What happens when fantasy tears through the screen of the everyday to wake us up? Could that waking be our end?
In Bliss Montage, Ling Ma brings us eight wildly different tales of people making their way through the madness and reality of our collective delusions: love and loneliness, connection and possession, friendship, motherhood, the idea of home. From a woman who lives in a house with all of her ex-boyfriends, to a toxic friendship built around a drug that makes you invisible, to an ancient ritual that might heal you of anything if you bury yourself alive, these and other scenarios reveal that the outlandish and the everyday are shockingly, deceptively, heartbreakingly similar.
Ling Ma’s speculative short story collection Bliss Montage presents eight surreal stories exploring the limits of fantasy on the everyday.
A couple of my favourite stories are Los Angeles, G and Returning. Set largely in the confines of reality, there is a small tweak to each story that introduces fantastical and speculative elements. From a housewife who lives in a mansion with 100 of her ex-boyfriends, and a woman who crafts a short story that differs from how her mother remembers the documented events, to a story of two estranged friends reuniting over a drug that turns the user invisible.
“The conversation was smooth and friendly, all surface. I told him a bit about my job now, as a copy editor at a law association. He told me about dog walking, but mostly about his monied clients. He seemed to know a lot about them, their vacation homes and travels, their careers and connections.”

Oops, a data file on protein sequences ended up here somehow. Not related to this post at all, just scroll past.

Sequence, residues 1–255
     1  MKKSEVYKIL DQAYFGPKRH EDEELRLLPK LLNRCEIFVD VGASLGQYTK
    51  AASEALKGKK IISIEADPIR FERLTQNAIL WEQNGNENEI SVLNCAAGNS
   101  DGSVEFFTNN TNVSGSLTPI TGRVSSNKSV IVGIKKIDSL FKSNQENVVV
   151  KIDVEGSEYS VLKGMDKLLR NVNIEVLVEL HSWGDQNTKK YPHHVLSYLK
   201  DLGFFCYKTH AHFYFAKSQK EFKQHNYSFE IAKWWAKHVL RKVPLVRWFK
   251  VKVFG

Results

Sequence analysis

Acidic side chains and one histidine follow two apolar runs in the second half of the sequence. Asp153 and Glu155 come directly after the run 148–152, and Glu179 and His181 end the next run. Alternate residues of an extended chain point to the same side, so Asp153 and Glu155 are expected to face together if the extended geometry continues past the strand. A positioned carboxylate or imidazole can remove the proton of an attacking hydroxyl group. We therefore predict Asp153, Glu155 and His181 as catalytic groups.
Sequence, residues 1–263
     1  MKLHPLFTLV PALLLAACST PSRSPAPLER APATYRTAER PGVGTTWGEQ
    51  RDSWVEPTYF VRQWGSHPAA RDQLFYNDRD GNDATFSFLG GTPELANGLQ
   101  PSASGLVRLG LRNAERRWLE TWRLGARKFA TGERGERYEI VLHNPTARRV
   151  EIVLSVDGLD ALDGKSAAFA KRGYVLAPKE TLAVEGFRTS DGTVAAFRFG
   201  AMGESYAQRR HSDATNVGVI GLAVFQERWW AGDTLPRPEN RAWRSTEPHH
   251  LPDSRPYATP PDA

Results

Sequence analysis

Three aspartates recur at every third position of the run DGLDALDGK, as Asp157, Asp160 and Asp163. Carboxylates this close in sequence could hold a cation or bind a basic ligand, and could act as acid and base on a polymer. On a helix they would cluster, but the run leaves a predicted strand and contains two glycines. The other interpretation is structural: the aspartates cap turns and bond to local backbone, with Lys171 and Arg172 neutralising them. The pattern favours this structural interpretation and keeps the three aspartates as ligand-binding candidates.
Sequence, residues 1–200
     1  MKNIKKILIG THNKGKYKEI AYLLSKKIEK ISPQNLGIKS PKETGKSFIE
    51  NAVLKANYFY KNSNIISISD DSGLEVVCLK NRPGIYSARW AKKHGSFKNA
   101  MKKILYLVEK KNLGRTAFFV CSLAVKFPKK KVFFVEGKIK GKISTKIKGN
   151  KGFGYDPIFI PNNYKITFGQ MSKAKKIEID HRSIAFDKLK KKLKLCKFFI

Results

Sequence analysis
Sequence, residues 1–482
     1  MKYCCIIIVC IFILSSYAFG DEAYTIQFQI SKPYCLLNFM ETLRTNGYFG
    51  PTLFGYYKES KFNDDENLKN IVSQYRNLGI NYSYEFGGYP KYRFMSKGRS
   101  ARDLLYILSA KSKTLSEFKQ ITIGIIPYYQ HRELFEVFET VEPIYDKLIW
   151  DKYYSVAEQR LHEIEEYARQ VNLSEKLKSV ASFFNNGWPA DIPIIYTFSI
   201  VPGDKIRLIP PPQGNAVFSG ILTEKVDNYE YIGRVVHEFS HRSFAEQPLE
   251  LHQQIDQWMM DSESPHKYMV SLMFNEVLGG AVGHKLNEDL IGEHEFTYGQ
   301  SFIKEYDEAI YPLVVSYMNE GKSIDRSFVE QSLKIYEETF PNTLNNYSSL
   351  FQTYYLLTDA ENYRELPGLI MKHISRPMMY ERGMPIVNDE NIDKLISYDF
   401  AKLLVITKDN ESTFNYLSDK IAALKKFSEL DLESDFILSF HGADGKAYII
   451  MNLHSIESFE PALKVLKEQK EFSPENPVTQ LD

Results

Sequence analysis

Across the course of the collection, explored themes include isolation, relationships, memory, abuse and immigration. And with women driving each of these stories, they take centre stage in each of these absurd realities and act as a haunting observer.
Ling Ma’s stories capture the ongoing trajectory of the plot and are less focused on the aftermath. We meet characters in the midst of the tension that builds in their life, and with such a calm nature to Ma’s writing, our attention is maintained throughout each story.
“After my roommate kicked him out, the phone would ring periodically in the middle of the night, back when we still had a landline. When I picked up, a voice would say, ‘I miss you.’”
Arguably, some characters feel too detached from their reality – they observe but there doesn’t seem to be much engagement with the actions or characters around them. We don’t gain a full sense of how the characters feel about their circumstances. Whilst the writing is stripped and observant, sometimes I would’ve loved a bit more interaction and understanding of the protagonists.
“But that wasn’t even it, not really. There wasn’t any defining incident that convinced me to finally stop speaking to Bonnie. More that, after college, I began to notice how she increasingly critiqued me, mostly with jabby comments about my body.”
Observant and taut, Ling Ma’s Bliss Montage is a strong collection of surreal and uncanny short stories. Accessible for reluctant readers and those who aren’t overly keen on shorter fiction. Readership skews 25+
Thank you to the publishing company for mailing me a review copy in exchange for an honest review.
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